United by the Chain of Generations

bigstock-carnations-and-St-George-s-ri-32804345On 9 May 1945, World War II ended following the capitulation of Nazi Germany to the Soviet Union.

70 years later, we still mourn millions of lives that were taken abruptly during the darkest times of our history. But we also celebrate our heroes, the veterans, who risked their lives for our future.

Both of my grandfathers of blessed memory joined the Red Army being unsure if they would ever return from the battlefield.

As a young man in his early twenties, my paternal grandfather lost his leg while fighting for his relatives’ peace. He didn’t know that half of his family would be gone by the time the war would end… My maternal grandfather was a lieutenant-colonel and paratrooper, involved in liberating Auschwitz.


My maternal grandparents with my brother

When I was a little girl and my grandparents were still alive, I rarely heard them talk about their war experiences.

But on the 9th May, they always took out their war medals (and there were many to choose from!), put those up and left to the Victory Day Parade in Moscow.

They spent the day with other veterans, reminiscing about the past and their relatives, friends and loved ones who perished…

My paternal grandfather, Avigdor ben Pesach, once asked me, “Do you know how I survived the war?”

I didn’t.

It seemed like he looked through me for a second and then he said:

“The war just started… I was a young boy. A shlemazl. One night, I slept in a mud hut with a bunch of other soldiers. Suddenly, in a dream, I saw a vision of my late grandfather. He told me to leave the hut that very minute. I dismissed the dream and continued sleeping.

The vision repeated 3 times. He was very firm, my grandfather, you know… So I finally stood up and went outside. It was cold and uncomfortable there…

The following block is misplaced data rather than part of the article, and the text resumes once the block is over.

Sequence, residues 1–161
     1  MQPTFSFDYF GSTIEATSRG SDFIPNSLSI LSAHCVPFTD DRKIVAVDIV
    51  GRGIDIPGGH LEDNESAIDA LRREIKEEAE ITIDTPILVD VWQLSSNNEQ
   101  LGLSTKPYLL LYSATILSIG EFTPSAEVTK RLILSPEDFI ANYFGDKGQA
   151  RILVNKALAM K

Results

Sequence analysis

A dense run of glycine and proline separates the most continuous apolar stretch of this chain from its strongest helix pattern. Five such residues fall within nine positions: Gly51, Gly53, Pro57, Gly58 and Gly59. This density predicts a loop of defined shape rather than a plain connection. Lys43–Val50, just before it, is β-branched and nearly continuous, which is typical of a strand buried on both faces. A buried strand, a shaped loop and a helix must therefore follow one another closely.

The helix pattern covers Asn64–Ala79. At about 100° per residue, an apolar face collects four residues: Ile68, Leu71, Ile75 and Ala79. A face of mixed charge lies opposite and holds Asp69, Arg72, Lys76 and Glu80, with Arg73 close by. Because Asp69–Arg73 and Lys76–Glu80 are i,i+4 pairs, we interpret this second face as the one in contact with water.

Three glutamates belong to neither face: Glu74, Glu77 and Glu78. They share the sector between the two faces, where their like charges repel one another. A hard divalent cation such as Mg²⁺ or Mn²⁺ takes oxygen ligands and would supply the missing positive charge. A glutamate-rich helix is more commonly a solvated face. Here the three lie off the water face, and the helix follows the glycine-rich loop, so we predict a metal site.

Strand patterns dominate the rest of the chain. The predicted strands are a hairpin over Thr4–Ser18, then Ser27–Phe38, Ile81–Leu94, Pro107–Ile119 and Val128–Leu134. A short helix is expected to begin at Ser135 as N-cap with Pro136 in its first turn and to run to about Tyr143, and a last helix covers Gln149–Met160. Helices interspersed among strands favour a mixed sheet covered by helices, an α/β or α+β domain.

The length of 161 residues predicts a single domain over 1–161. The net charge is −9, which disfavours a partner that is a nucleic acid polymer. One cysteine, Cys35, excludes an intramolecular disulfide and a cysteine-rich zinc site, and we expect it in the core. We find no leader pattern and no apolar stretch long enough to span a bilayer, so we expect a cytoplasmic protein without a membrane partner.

And would you believe it? Seconds later, a rocket hit the mud hut, murdering everyone inside except for me.

I was lucky to survive the war with a minor defect — simply losing a leg in a battle. But those are nuances…

And the lesson of the story is… Yes, you can’t just leave your zeide without a lesson. So here it is,

the chain of generations unites us not only with our kids and parents but with our relatives who have left to the higher world. No matter how much time passes. Remember that.”

My paternal grandfather with my son

My paternal grandfather with my son

Lest we forget the courageous people who sacrificed their lives to give us the opportunity to live under peaceful skies.

Wishing all the veterans and survivors to live long, happy and healthy lives and continue to see much nachas from their families!

Categories: family, feelings, life values, Victory Day | Tags: , , , , , , , , | 1 Comment

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One thought on “United by the Chain of Generations

  1. Nechama


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